I was researching how we moved out of the mountains and ultimately to Texas, and it soon became apparent it was all about elbowroom.  By the 1790’s there were just too many people living in the Blue Ridge Mountains, so one of my ancestors along with his Cherokee wife chose to move to New Orleans.  Go figure.  From there they moved into East Texas in the 1840’s.  (I suspect New Orleans was even more crowded than the mountains.)

Another batch of these hillbillies joined with Stephen Austin’s first wave of settlers to Texas in the early 1820’s.   At least one of my ancestor’s fought at the Alamo, another at Goliad, and another fought at San Jacinto (things didn’t turn out very well for the first two). 

Several of my ancestors arrived from eastern Tennessee starting in 1828, and the last group seems to have arrived shortly after Texas was readmitted to the Union following the Great War for Southern Independence.

Some surprises in the research were the family members that came from Mexico possibly in the mid-1500’s, and married into some the Native American tribes of East Texas.  Karankawa, Tonkawa, and Caddo were all a part of the mix.  In the late 1880’s to early 1900’s (some details are hard to pin down here), a Mexican/Cherokee joined the family.

Another surprise from the late 1700’s and early 1800’s was that one of my Cherokee ancestors owned slaves—black, white, and Cherokee—and through at least two generations my lineage includes African ancestry. 

It also appears the wife of one of my great-great grandfathers was Japanese of Anyu decent.

Yeah, I’m descended from hillbillies.  But I’m also descended from many other groups of fascinating people whose lives I will probably never understand.  It took courage to make many of their choices, but I’m glad they did.  And I’m proud of my very mixed up heritage.

Tuesday, April 5, 2016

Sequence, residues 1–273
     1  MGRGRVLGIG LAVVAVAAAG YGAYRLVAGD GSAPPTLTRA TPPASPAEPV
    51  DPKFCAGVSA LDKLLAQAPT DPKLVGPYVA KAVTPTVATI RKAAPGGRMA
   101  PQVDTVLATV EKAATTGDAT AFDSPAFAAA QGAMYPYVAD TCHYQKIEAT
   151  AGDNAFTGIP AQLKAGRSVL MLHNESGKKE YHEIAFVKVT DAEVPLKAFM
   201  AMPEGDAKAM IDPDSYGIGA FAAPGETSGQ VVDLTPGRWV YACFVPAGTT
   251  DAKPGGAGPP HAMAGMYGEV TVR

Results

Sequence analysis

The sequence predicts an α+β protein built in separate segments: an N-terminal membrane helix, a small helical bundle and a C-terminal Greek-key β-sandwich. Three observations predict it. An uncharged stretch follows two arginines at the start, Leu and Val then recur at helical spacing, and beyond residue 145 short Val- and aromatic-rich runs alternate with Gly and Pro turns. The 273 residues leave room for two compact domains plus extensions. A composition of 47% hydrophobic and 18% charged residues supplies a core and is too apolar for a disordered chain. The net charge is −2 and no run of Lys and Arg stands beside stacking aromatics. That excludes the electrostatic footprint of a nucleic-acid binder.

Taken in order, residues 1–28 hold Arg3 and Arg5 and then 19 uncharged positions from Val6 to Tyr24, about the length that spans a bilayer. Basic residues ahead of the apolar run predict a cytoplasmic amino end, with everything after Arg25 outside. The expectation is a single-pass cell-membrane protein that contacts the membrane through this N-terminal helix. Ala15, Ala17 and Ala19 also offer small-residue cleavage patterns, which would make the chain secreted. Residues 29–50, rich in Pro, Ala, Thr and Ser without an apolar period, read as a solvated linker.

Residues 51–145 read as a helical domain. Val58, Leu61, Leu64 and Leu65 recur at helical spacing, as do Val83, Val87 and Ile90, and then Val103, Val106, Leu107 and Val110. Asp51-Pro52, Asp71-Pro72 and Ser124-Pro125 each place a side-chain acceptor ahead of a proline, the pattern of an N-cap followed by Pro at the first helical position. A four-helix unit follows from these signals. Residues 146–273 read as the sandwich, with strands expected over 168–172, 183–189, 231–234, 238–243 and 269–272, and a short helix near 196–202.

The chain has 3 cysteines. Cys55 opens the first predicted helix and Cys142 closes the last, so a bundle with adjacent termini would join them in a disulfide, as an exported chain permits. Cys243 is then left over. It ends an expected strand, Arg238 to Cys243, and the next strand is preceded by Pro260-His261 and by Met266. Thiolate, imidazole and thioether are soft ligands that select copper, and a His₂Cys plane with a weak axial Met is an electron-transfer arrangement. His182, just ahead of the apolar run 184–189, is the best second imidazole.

In the Meat of the Night

Beware of the long dark nights when the only sounds are the chirping of the crickets, an occasional frog croak, and the crackling of the wood fire in the smoker.  Sometimes these nights can cause a normally rational man to cook something besides a brisket.

I was expecting some company to arrive over the weekend and I decided to cook up a few things ahead of time so we could spend more time together talking and eating, and less time talking and just waiting to eat (i.e., cooking).  Nothing was too good for these friends from Wyoming, and I was going all out for them.  To me ‘all out’ means more brisket than can possibly be eaten, and, of course, all the sides and deserts that go with it.

This event was coming at a critical time in both of our lives.  Stan and Sherry were moving to his family home in Ireland, and I was in the process of moving to California.  We knew we would probably never see each other again, and the past forty years have proven this to be true.

Sherry I had known since the fifth grade.  We weren’t close friends, but we were friends.  It was a relatively small school in a rather small town near Fort Worth, so it was impossible not to know each other.  It wasn’t until after she met my friend Stan that I discovered what a treasure she was.